Caltech and UNC Research Finds Further Evidence for Genetic Contribution to Autism Some parents of children with autism evaluate facial expressions differently than the rest of us--and in a way that is strikingly similar to autistic patients themselves, according to new research by neuroscientist Ralph Adolphs of the California Institute of Technology and psychiatrist Joe Piven at the University of North Carolina at Chapel Hill. Read More... 07-15-2008

Caltech Scientists Decipher the Neurological Basis of Timely Movement Work by Dr. Richard A. Andersen, the James G. Boswell Professor of Neuroscience at Caltech, and his colleagues Grant Mulliken of MIT and Sam Musallam of McGill University, offers the first neural evidence that voluntary limb movements are guided by our brain's prediction of what will happen an instant into the future. Read More... 06-09-2008

Caltech Researchers Reveal the Neuronal Computations Governing Strategic Social Interactions in the Human Brain In a strategic game, the success of any player depends not just on his or her own actions, but on the behavior of every other player in the game. To be successful, players must not only pay attention to what other players do, but also how they are thinking. Understanding how the brain functions during this strategizing is at "the core of studies of adaptive social intelligence," says John P. O'Doherty of the California Institute of Technology and the subject of a recent series of brain studies by O'Doherty and his colleagues that offer new insight into how the brain works in social situations. Read more... 05-19-2008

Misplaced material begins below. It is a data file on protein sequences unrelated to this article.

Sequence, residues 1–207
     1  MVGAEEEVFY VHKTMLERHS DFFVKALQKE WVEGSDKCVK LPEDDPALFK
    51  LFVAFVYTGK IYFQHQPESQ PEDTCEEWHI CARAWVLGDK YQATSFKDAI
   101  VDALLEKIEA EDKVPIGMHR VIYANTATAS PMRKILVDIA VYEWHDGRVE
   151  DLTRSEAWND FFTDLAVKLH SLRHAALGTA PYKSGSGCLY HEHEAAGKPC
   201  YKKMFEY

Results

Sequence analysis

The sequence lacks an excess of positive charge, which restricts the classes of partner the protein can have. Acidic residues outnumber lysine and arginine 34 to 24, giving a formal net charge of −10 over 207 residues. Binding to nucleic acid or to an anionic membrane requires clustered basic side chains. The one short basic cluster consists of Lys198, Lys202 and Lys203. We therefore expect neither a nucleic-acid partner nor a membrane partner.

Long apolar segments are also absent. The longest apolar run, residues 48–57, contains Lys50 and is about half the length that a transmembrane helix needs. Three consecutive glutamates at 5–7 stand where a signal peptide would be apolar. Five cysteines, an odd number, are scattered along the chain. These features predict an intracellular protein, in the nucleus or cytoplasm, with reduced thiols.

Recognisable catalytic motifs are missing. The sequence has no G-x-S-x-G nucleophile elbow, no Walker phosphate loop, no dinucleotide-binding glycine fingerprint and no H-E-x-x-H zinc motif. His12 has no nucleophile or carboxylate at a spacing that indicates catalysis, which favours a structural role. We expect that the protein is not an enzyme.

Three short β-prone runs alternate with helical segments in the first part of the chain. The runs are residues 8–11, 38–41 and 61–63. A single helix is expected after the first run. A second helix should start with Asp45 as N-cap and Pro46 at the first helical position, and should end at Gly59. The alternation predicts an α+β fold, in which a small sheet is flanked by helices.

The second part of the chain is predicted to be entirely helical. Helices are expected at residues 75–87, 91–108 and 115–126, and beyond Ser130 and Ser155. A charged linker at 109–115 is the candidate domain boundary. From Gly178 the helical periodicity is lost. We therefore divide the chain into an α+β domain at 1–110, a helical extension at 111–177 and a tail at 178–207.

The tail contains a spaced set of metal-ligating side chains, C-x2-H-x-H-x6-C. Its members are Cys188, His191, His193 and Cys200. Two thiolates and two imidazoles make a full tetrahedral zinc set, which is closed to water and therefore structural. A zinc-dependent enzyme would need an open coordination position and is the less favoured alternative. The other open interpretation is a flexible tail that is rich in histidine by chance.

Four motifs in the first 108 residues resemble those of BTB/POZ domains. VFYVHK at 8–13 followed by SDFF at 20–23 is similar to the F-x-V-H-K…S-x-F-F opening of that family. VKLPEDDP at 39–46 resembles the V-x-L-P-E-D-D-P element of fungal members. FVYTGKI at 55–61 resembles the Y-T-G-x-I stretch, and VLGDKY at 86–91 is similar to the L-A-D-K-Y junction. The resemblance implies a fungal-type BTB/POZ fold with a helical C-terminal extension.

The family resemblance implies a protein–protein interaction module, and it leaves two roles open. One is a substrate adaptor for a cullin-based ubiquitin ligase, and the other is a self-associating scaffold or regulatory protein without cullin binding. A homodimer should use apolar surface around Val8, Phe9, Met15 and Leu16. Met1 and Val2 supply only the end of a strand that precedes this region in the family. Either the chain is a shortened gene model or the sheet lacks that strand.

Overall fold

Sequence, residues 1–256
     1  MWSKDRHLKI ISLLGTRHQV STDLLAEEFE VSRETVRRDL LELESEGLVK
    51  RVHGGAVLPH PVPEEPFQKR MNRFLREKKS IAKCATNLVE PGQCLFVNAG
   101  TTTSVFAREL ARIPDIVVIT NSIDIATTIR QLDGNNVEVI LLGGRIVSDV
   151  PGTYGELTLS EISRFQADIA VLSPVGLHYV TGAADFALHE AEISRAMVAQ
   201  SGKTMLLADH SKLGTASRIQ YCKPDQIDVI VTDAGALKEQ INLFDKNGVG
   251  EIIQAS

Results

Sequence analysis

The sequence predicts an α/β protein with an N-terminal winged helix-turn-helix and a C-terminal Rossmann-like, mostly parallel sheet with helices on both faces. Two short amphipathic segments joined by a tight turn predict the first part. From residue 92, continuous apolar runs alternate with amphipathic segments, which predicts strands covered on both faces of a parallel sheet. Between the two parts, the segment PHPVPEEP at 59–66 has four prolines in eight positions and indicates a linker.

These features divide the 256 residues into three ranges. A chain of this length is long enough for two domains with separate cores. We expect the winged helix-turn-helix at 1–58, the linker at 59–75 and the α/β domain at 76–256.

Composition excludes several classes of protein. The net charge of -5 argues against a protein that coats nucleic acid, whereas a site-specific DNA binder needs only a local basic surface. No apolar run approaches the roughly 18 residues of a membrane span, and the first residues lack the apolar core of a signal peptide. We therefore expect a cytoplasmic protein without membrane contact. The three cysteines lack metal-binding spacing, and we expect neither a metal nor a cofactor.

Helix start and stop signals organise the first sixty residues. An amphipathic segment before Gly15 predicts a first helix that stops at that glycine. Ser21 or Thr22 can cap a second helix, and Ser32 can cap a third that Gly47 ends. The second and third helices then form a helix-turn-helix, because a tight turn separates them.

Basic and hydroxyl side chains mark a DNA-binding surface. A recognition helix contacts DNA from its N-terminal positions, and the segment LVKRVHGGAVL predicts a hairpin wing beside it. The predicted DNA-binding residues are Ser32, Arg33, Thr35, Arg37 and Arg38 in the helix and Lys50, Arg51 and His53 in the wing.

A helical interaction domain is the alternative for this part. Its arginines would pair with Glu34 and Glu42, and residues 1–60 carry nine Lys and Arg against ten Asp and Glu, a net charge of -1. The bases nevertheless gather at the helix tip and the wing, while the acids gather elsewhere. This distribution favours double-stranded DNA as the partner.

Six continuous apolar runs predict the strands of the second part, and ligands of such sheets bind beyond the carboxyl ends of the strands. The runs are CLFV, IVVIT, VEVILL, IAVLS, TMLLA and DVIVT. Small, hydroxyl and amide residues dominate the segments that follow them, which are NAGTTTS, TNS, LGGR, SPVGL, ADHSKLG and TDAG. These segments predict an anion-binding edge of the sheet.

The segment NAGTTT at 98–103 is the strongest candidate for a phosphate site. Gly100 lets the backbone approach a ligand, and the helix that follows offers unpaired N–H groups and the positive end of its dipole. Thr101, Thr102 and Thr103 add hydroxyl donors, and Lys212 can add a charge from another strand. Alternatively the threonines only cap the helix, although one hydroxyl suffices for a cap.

Sight Recovery After Blindness Offers New Insights on Brain Reorganization Studies of the brains of blind persons whose sight was partially restored later in life have produced a compelling example of the brain's ability to adapt to new circumstances and rewire and reconfigure itself. The research, conducted by postdoctoral researcher Melissa Saenz of the California Institute of Technology along with Christof Koch, the Lois and Victor Troendle Professor of Cognitive and Behavioral Biology and professor of computation and neural systems, and their colleagues, shows that the part of the brain that processes visual information in normal individuals can be co-opted to respond to both visual and auditory information. That brain reorganization persists even if the blind subjects later regain their vision—for example, through technologies such as corneal stem-cell transplants, retinal prosthetics, and gene therapy. Read more... 05-15-2008